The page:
3 Persons Arrested Over Cocobod And PFJ fertiliser Smuggling
Three persons are in the grip of the police for their alleged involvement in the re-bagging and illicit smuggling of government-subsidized fertilisers.
They were picked up during a joint Customs, COCOBOD and Police swoop at a warehouse used for the operation in Amanfrom in the Greater Accra Region.
Some of the local fertilisers re-bagged include the Planting for Food and Jobs (PFJ) fertilisers, Sidalco fertilisers and some other sorts belonging to the Ghana COCOBOD.
A total of 15 fully-loaded trucks were impounded. Nine of these trucks are with Burkinabe registration numbers, while six are Ghanaian registered. Each of the trucks contained at least 1,000 bags of re-bagged fertilisers. During the swoop, two warehouses with about 30 workers were discovered. The warehouses were packed with hundreds of PFJ and COCOBOD fertilisers, which according to officials, were originally meant for farmers.
The COCOBOD fertilisers include Ccoa Ahoɔden, Omni Cocoa Aduane and Sidalco Cocoa Sodɔsoo 50kg fertilisers.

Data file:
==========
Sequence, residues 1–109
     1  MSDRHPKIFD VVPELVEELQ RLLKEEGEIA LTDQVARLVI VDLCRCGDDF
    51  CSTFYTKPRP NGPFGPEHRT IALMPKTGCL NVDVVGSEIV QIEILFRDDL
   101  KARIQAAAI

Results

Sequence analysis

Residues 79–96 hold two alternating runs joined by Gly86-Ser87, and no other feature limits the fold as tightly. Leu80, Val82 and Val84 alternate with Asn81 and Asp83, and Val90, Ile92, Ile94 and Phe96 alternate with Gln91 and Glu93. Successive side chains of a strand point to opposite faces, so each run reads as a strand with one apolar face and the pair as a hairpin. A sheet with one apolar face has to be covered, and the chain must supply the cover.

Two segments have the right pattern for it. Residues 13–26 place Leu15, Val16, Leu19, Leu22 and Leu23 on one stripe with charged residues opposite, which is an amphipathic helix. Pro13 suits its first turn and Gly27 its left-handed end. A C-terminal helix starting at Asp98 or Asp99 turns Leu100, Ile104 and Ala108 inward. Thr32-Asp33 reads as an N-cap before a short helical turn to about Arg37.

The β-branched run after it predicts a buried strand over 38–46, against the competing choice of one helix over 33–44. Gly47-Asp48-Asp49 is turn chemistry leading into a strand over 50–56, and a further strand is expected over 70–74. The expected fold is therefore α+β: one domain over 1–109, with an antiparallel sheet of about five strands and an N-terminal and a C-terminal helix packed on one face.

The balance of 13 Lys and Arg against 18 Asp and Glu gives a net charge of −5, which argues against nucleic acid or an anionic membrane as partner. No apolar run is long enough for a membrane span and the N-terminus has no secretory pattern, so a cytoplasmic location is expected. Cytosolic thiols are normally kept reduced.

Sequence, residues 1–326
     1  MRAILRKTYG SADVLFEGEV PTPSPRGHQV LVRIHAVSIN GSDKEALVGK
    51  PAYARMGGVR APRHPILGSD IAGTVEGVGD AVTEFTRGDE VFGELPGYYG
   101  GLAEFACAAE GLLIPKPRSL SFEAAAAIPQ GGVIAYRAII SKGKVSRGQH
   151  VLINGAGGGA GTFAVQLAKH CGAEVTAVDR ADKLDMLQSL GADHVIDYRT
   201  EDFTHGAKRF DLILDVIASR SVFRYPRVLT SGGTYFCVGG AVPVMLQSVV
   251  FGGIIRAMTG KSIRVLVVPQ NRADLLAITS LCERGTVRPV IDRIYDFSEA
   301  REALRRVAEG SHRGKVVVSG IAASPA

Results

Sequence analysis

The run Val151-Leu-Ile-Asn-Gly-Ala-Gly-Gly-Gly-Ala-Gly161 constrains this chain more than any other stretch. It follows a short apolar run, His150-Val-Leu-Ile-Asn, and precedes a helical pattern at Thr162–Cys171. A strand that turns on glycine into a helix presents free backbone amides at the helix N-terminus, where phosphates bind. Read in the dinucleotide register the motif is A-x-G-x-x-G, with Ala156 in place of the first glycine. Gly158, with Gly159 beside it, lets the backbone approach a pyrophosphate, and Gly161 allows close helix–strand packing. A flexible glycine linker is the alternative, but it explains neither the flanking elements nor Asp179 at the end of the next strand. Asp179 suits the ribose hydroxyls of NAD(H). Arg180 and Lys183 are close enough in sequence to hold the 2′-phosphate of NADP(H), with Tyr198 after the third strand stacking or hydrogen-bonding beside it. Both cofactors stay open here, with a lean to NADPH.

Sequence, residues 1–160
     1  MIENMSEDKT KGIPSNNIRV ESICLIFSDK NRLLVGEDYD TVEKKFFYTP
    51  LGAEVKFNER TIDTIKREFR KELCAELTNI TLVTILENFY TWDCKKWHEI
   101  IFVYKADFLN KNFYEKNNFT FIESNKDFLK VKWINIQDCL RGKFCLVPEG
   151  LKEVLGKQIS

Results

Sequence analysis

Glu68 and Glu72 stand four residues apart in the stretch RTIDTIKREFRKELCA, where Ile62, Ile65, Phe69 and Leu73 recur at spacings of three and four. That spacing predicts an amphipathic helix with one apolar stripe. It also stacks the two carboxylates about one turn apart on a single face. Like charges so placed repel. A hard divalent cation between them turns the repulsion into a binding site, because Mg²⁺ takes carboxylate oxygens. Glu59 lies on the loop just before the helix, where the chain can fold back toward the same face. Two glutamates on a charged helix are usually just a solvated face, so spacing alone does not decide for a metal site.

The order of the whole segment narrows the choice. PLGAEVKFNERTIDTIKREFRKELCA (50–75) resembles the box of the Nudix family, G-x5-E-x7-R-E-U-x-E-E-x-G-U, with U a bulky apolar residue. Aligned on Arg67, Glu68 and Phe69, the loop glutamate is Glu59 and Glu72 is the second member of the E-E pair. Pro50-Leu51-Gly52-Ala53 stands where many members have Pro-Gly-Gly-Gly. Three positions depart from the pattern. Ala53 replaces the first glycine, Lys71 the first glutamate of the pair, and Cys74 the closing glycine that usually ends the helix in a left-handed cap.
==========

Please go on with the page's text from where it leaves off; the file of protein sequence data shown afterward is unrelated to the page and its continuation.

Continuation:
According to the Principal Revenue Officer of the Ghana Revenue Authority (GRA), David Dotse, “the Fertagro mix all of these fertilisers with the PFJ ones, together with some other one they claim they import from Egypt and re-bag them into other 50kg bags.”
“If you look at the bags, they are labelled in English and French. The ones with the English labelling are the ones they circulate back into the Ghanaian market. But the ones in the French labelling with the Burkinabe flag on it are the ones they send straight to Burkina Faso,” he said.
It is unclear how Fertagro secured all the local fertilisers because, according to COCOBOD officials, “these products are not sold directly on the local market.” The GRA, COCOBOD and Customs are collaborating with other state institutions to investigate the matter.
Meanwhile, President of the Peasant Farmers Association, Dr Charles Nyaaba, said the discovery is not surprising.
According to him, “this new expose is just the tip of the iceberg. There is a cartel of very powerful persons who take delivery of some of these fertilisers right at the port and move them to other locations but report back to the government that the fertilisers have been delivered to the farmers.
“We have raised these concerns repeatedly, but nobody seems to care. When our fertilisers were loaded on donkey backs to cross our boarders out of the country, the Minister didn’t act. So, until we begin to take drastic action against this, the phenomenon will continue” he said.